"Had this Coronavirus situation come last year, it would have been a disaster. At least we have been given one (problem) at a time."
Dr T Prabhushankar, Executive Director of Chennai Metropolitan Water Supply and Sewerage Board, sums up the water situation as the city enters its summer in the times of the COVID-19 spread.
Chennai residents are unlikely to forget the summer of 2019. Around this time last year, they were paying up to Rs 4,000 for a 12,000-litre tanker lorry that would normally cost around Rs 1,200. The state-owned Metro Water struggled to keep up with the demands as the city's reservoirs and groundwater nearly dried up, leading to private operators charging as per demand. In many places, the situation was so bad that even money was not a sure way to get water.
Fortunately, the government is in a much better position this summer even if there is an increase in demand of per capita consumption of water. Washing hands frequently and maintenance of personal hygiene requires much more water, but it might not necessarily lead to water shortage in the city in the coming months. A near-normal north-east monsoon in 2019 and more importantly, the release of Krishna water from Andhra Pradesh have proved to be game changers.
The combined storage of the Poondi, Cholavaram, Red Hills and Chembarambakkam reservoirs tally 6,278 million cubic feet (mcft) as of April 8. Last year this time, the number stood at 605.
"It's nothing similar to last year," says Prabhushankar. "We had a sort of a normal north-east monsoon last year. More importantly, we received Krishna water. So far we have received around 7.7 tmc (thousand million cubic feet); it is the second largest volume in the last 25 years. That has kept the reservoirs going. It is 7.2 tmc (including Veeranam) out of a total possible 12.7. That's quite a healthy storage. The groundwater is also quite good compared to last year because it had plummeted last year. We have good surface water as well as groundwater. We are supplying 650 MLD (million litres per day) now and we might increase it further."
The other big factor that has helped the situation is the government setting up two tertiary treatment reverse osmosis (TTRO) plants last year for water supply to industries. While the industries largely relied on surface and ground water until last summer, the TTRO plants have allowed them to reuse water for their needs. Industries are shut due to the lockdown at the moment, but even when they open, the water requirements of the residents are not likely to be impacted.
"We have substituted industrial supply with reused water. We have stopped supplying surface water to industries," says Prabhushankar.
While industries have a separate source, commercial establishments (hotel and hospitality sectors, educational institutions) being shut has helped the city save up groundwater. Reportedly, the water requirement along the Rajiv Gandhi Expressway (Old Madras Road) which houses plenty of companies and educational institutions, has gone down to 1 crore litres a day from 3 crore litres a day.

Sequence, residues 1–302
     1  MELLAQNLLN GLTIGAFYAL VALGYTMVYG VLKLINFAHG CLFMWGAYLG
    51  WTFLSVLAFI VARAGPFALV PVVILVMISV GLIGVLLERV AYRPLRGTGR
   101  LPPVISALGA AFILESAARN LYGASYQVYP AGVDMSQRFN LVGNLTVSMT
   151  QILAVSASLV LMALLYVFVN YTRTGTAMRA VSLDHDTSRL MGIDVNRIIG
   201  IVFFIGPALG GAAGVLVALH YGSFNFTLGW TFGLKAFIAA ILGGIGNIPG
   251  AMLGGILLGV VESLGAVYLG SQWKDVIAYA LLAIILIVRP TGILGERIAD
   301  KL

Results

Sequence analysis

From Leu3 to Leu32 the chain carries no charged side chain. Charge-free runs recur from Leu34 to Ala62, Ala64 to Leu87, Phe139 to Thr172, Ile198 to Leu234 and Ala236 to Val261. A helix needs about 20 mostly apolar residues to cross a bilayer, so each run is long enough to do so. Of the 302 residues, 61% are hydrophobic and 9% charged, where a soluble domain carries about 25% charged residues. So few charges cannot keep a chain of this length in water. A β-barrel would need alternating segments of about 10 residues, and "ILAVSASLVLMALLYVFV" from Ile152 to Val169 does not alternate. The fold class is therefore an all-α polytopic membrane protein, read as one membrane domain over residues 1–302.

"Because the companies are closed, the use of groundwater is reduced. That's the cushion we have," says Dr S Janakaraj, former professor of Madras Institute of Developmental Studies.
"On the other hand, if we look at the people's need, the domestic water demand has gone up. Personal hygiene has to be maintained, people have to wash their hands regularly. So people are using more water. Earlier, if the per capita usage was 80 litres, now it's between 90 and 100. We have to wait and see if this balances out the cushion gained from the closing of companies. Now everyone is staying at home, so they need water for domestic purposes. The demand in the offices is minimal, but that's compensated for by people's presence at home. It's not like the water demand has gone down. People cannot compromise on use of water for personal hygiene. How to source water, whether we have that much water is a still a big question mark. That is going to remain the same."
While there is no clear data, Prabhushankar estimates that there could be a 10 per cent reduction even with the increased domestic demand.
The situation is clearly better compared to last year, but that doesn't mean the city should forget the harsh lessons learnt.
"We might be able to sustain through this summer," points out Janakaraj. "But Chennai has another issue. It's not like the summer ends in June. The south-west monsoon is not going to be our primary source of water. We really have to wait for the north-east monsoon to set in, which comes in October. So Chennai in effect has two summers. One is before the south-west monsoon, and then one more around end of July peaking in August and September. So we have to manage water till October. That will be difficult. We may be able to sustain till May-June, but after that it will be difficult."
Prabhushankar says Chennai has water to last the entire year, but stresses that residents should remember to save water.
"As we go into the summer, the water table will slightly go down. But we have enough water for the entire year. There won't be any problem," he says. "The focus is on fighting the crisis and fortunately we can afford to supply more water if needed, rather than talking about water conservation for the time being. Metro Water is also disinfecting various places, we have pledged more vehicles to disinfect the entire city and helping the Corporation. Citizens should maintain personal hygiene and wash hands, but that shouldn't translate to wasting water.